A recent analysis of several arctic species by Wingfield et al.  showed that among about 15 species the major correlate of reduced adrenocortical sensitivity to acute stress was the degree of parental care provided. The rate of corticosterone increase, and the maximum corticosterone level generated over one hour of capture and handling stress, was lower in individuals that were incubating or feeding young. This trend was apparent regardless of sex. Thus there may be multiple interdependent ecological factors that have selected for modulation of the adrenocortical response to acute stress. Careful selection of species in which one or several of these possible ecological factors can be eliminated or controlled could provide valuable insight into this approach to environmental endocrinology.
We have chosen the bush warbler, Cettia diphone, as a model for comparisons of latitude and climate on the adrenocortical response to stress. The bush warbler is an abundant member of the family Sylviidae that breeds in mountain forests throughout much of Japan. We compared two populations: one in central Honshu with diverse broad leaf forest, and the second in central Hokkaido with taiga-type forest of mixed coniferous and deciduous trees and less diversity. The breeding season in central Hokkaido is shorter than in Honshu. We focused on male bush warblers because they are territorial throughout the breeding season and show no parental care . In this way we were able to eliminate one ecological factor-parental behavior, and focus more on population and individual differences in the adrenocortical response to stress with habitat.
MATERIALS AND METHODS
Study sites, capture techniques and collection of samples
Male bush warblers were captured in Japanese mist nets at two field sites: the University of Tokyo Forest at Furano in central Hokkaido (43°20′N, 142°30′W), and the University of Tokyo Forest at Chichibu in central Honshu (35°55′N, 138°52′W). Although the Furano Field Station is not at high latitude, the climate is typical of northern continental Asia with cold winters and cool summers (Table 1). Bush warblers frequented thick undergrowth, particularly bamboo grass, Sasa senanensis, between 600 and 1,500 m elevation. The forest here is a mixture of deciduous and coniferous trees, but dominated by conifers. The climate at Chichibu is typical of central-southern continental Asia with cool winters and warm humid summers. Bush warblers frequented luxuriant undergrowth of the mountain forests (1,000–1,900 m elevation), particularly areas of bamboo grass (Pseudosasa purpurascens below 1,700 m and Sasa nipponica above 1,700 m). The forests at Chichibu are diverse with over 250 species of trees. Bush warblers breeding in central Hokkaido are migrants and have a shorter breeding season than in central Honshu and are also exposed to lower average temperatures (Table 1). At the Chichibu site, bush warblers breeding at higher altitudes also migrate, but only a short distance to the adjacent lowlands.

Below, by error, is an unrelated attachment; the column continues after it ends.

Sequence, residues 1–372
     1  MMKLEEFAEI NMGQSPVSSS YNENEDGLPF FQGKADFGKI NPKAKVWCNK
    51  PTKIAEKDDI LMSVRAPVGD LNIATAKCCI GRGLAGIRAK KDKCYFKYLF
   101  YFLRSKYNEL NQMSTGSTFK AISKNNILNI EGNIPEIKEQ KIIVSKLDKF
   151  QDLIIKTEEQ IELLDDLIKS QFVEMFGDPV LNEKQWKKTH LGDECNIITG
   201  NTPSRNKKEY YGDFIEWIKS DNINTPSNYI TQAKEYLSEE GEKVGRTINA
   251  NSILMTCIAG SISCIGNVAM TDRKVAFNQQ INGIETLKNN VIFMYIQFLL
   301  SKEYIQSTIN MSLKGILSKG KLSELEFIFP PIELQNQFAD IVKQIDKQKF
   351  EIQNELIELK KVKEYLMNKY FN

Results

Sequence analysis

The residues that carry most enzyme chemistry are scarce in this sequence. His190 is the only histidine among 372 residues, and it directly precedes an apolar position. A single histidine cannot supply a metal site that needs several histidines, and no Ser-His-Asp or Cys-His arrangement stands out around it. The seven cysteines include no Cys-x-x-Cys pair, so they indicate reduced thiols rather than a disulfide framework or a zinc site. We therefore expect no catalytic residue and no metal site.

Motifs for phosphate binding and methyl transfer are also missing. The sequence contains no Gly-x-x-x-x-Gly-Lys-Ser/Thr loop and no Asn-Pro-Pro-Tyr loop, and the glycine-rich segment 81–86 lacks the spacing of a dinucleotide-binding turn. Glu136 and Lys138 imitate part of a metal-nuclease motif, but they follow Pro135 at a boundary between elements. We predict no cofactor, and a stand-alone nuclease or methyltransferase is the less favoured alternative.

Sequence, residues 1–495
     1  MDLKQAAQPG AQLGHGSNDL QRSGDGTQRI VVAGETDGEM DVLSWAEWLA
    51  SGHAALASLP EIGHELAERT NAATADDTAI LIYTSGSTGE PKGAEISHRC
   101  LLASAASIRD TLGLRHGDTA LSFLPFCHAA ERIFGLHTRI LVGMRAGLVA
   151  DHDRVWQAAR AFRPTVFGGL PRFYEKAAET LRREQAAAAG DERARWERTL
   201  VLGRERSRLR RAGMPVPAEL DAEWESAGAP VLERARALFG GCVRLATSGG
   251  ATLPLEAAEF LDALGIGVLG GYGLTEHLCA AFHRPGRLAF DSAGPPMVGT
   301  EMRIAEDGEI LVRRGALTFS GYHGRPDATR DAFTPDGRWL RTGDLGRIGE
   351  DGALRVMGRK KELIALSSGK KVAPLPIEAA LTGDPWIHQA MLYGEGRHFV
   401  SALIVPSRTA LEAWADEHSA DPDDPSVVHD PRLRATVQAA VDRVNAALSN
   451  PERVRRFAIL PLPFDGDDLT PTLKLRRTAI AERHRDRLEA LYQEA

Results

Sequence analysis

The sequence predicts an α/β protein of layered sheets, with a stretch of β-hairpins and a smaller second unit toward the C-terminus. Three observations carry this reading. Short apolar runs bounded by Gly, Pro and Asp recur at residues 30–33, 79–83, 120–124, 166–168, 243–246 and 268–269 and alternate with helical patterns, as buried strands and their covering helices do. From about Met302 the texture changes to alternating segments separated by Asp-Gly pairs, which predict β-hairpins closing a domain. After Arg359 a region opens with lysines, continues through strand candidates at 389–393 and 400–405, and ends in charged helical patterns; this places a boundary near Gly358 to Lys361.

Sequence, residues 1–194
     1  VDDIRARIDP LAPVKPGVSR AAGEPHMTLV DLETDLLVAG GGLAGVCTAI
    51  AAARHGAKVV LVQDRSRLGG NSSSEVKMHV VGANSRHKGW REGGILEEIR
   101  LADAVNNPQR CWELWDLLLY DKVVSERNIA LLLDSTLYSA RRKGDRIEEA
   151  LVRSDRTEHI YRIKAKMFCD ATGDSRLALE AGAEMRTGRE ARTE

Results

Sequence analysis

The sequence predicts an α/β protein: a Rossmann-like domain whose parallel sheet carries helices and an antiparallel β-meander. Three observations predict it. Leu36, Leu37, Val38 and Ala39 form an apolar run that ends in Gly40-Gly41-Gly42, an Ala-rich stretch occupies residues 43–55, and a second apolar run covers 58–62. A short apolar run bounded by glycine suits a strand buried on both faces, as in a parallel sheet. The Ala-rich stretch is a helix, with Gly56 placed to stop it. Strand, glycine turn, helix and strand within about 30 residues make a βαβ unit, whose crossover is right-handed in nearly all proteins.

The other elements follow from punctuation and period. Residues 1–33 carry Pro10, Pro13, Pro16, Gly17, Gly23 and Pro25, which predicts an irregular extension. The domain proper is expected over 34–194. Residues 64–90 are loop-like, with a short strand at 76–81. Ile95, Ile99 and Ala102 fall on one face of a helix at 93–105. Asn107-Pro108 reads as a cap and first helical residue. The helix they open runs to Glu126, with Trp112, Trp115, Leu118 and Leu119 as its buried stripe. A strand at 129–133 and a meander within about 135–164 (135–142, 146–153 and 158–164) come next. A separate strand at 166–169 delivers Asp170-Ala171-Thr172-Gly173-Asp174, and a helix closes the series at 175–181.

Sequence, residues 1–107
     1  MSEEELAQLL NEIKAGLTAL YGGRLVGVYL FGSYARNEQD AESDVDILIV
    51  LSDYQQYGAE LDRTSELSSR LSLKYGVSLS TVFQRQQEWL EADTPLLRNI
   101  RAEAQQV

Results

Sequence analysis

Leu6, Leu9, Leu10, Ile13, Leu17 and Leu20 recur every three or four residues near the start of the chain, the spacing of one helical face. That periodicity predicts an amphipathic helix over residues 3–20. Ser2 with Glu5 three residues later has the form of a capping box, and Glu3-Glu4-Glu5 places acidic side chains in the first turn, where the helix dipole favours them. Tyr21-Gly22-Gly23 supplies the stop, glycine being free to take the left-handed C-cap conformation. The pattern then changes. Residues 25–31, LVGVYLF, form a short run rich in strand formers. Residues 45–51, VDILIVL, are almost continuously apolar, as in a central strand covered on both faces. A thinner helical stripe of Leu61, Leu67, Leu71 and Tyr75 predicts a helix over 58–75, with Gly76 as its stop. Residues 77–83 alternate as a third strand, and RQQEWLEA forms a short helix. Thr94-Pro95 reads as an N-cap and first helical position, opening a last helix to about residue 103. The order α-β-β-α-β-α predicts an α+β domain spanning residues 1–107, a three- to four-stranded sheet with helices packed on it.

Weather data for Furano* field station (Hokkaido) and Chichibu** field station (Honshu)
To check weather conditions at each site, we tabulated total precipitation as well as average, maximum and minimum temperatures year round (Table 1). Additionally, for June and July 1993 we include the total precipitation at each site, and the average (taken at 09.00 h each day), maximum and minimum temperatures. Weather data from Furano were collected at Yamabe, 43°15′N, 142°23′E, and at 220 m altitude. Weather data from Chichibu were collected Tochimoto, 35°56"N, 138°52′E, at 770 m altitude for the year round averages. In June and July 1993, weather data were collected at Yatakezawa (the nearest station to our study site in Chichibu), 35°56′N, 138°49′E, at 1050 m altitude.
All bush warblers were captured from mid-June to early July. They were highly territorial and attracted into mist nets by playing tape-recorded songs through a speaker placed next to an erected net. Warblers were removed from the net and a blood sample collected as soon as possible after capture (within 2 min). In some cases blood samples were collected into 4–6 heparinized capillary tubes (ca. 200 μl) from the wing (alar) vein for measurement of circulating levels of testosterone. In other cases, birds were sampled as part of the capture stress protocol described below. After blood sampling all birds were weighed to the nearest 0.1 g, and length of the wing, culmen and tarsus measured to the nearest 0.1 mm. Fat score in the furculum and abdomen was assessed on an arbitrary scale of 0–5 in which 0 = no fat and 5 = gross bulging fat depots (see ). After sampling all birds were released on, or close to, the same territory from which they were captured.
Capillary tubes containing blood were sealed at one end with molding clay and then secured in small plastic canisters on ice until returned to the laboratory 2–6 hr later. Here the blood was centrifuged, plasma harvested and stored frozen until assay. Plasma samples were transported on dry ice to Seattle.
Capture stress protocol